Renowned journalist Zeinab Badawi in an exclusive interview with The Oslo Times International
Zeinab Badawi is a Sudan born British journalist who is known the World over as BBC’s World News presenter. Before joining the BBC she had worked for ITV Morning News (now known as ITV News at 5:30) and co-presented the Channel 4 News with Jon Snow. Badawi has also worked as the researcher and broadcast journalist for Yorkshire TV. She has been an adviser to the Foreign Policy Centre and is a Council Member of the Overseas Development Institute. She is also a trustee of the National Portrait Gallery and the British Council.
Similarly, Badawi is the founder and chair of the Africa Medical Partnership Fund (AfriMed), a charity organization which aims to help medical professionals in Africa.
This talented journalist, in an exclusive interview with The Oslo Times International News Network’s Editor-in-Chief, Hatef Mokhtar, spoke about the human rights and women’s rights and freedom of expression.
Excerpts below give us an insight into the interesting talk that followed:
It is wonderful to have you with us today, and though we have watched you on TV we would like to know about you from you, so can you tell us a little bit about yourself?
I was born in Sudan, and my father was involved in pre-independence politics in Sudan but then he hit the road as a journalist and moved to United Kingdom when I was 2 years of age. But I have always hung on to the fact that I was born under an African sun. I have a great attachment for the continent and also the Arab and Muslim World. Because being Sudanese it meant that we faced both directions, we were not only Saharan Africans but also a part of the Arab World. So for e.g. I always say that Arabic is my mother tongue but English is my first language. I think my background meant that I was brought up with a very international view of the World.
We normally ask all our guests this question, what do human rights mean to you?
Human rights are the corner stone of democracy, human rights are universal. I don’t believe in the kind of relative arguments about human rights and that you have to somehow dilute them to take into account cultural, practices or traditions. Human rights are women’s rights, human rights are set out in the Universal Declaration of Human Rights adopted by all members of the United Nations. I think it owns a good framework, a good blueprint for the international community, all countries should adhere to those rights. And I think that countries, governments where you have high observance of human rights by an large are the most successful most prosperous and the most happy. And I would say that in particular when we look at human rights, I agree with what Hilllary Clinton said many years ago in Beijing Womens conference, that women’s rights are human rights. And I think that if we observe the rights of women, you would find that actually human rights is a whole have been adhered to.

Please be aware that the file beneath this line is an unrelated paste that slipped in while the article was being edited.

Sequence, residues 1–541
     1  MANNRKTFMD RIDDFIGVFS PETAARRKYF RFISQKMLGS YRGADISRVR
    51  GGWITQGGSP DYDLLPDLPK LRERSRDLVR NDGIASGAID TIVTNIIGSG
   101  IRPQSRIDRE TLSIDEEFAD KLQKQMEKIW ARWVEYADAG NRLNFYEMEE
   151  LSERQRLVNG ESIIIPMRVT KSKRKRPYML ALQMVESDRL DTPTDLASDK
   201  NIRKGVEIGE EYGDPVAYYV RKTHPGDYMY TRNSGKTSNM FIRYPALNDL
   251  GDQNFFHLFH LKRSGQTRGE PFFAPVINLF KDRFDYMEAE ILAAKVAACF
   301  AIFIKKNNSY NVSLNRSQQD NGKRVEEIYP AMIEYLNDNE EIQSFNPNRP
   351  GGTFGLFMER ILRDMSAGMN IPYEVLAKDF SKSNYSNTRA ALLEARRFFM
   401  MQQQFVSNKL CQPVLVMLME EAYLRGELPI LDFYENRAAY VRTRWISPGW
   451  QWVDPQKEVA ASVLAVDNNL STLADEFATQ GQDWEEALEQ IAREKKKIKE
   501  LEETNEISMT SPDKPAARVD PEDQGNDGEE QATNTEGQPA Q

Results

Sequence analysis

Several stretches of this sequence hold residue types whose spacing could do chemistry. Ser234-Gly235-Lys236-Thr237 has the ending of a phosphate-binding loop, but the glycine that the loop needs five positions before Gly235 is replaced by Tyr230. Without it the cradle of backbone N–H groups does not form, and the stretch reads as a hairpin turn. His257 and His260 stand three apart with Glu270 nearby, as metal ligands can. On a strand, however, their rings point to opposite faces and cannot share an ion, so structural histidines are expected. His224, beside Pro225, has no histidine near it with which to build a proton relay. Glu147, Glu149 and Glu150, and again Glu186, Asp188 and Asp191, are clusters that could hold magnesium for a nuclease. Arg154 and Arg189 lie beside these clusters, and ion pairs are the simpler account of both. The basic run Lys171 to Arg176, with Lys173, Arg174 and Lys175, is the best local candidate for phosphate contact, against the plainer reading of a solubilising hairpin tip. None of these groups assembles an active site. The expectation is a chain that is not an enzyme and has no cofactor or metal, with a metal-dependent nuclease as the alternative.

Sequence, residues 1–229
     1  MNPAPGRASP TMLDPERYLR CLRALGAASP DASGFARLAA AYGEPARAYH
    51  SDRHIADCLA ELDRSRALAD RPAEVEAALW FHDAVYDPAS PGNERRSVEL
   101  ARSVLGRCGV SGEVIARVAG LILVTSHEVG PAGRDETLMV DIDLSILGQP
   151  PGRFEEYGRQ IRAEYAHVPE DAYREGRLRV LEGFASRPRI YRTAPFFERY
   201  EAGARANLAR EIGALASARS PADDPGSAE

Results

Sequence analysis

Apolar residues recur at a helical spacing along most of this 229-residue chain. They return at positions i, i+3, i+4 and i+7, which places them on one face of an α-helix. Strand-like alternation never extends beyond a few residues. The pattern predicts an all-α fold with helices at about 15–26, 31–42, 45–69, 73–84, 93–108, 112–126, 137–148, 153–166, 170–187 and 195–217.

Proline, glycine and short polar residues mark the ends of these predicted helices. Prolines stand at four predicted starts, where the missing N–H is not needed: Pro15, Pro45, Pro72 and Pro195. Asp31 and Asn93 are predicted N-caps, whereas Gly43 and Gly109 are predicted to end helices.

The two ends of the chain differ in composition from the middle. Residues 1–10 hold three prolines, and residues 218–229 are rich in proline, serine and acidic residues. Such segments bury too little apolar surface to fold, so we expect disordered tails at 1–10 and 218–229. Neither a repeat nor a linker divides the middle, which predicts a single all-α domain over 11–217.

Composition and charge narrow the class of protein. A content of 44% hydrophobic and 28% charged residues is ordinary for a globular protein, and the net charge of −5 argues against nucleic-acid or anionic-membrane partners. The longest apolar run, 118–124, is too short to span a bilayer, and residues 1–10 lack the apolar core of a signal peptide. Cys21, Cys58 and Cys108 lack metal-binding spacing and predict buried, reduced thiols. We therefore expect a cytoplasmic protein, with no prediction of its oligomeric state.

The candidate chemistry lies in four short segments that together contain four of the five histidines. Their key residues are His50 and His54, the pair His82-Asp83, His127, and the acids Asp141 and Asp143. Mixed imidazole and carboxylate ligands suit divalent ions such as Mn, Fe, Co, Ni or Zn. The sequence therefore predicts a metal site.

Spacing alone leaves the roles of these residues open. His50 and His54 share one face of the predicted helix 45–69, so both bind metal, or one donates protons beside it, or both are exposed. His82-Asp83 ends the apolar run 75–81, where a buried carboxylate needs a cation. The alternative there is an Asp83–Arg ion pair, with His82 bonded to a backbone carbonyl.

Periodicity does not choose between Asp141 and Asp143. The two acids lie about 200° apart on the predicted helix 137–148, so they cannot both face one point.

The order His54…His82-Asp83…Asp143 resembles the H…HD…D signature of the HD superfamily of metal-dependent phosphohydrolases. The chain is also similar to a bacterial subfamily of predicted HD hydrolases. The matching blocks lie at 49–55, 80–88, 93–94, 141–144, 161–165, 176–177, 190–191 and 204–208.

My next question to you is regarding freedom of expression, how you can see the media and freedom of expression in Africa, now-a-days.
I think that freedom of speech, freedom of expression is critical. It is a cornerstone of democratic society and the 19th Article of the Universal Declaration of Human Rights which is about freedom of expression also has another part to it, which people often forget, which is free flow of information and this is where the internet has transformed freedom of expression for the good because the free flow of information as a result of internet, social media networks and so on so called, means it is much harder to suppress freedom of expression. So, now if atrocities take place or if there are violation of human rights in countries, you would find that somebody somewhere has a mobile phone who has managed to record it. It means if there is a civil war situation like the terrible situation in Syria somebody will have a mobile phone who they will be able expose certain atrocities. So, I think that freedom of expression has been very well served by the internet and the proliferation of the mobile phones and that is the trend which is continuing and going upward.
There are too many journalists in prison today in many dictatorial and totalitarian regimes like Uzbekistan, Kazakhstan and in a few African countries. What’s your message for those dictatorial regimes?
I think that what I would say is that if you deny people freedom of speech, it means you are denying them so much else, it is a very good parameter of how effective, how open a government is, so the absence of freedom of expression, the locking of journalists is something the government does with huge risk to their reputation. And reputational risk is very dangerous, when governments everywhere are trying to attract foreign direct investments and so on. So, locking up journalists is really really harmful to a country’s reputation because the international media and NGOs like Amnesty International will focus on these cases and they will really publicize this and my message to governments that continue to do that is, that is not good for your reputations, that is not good for your economic development and if you are standing in the international community, so don’t don’t.
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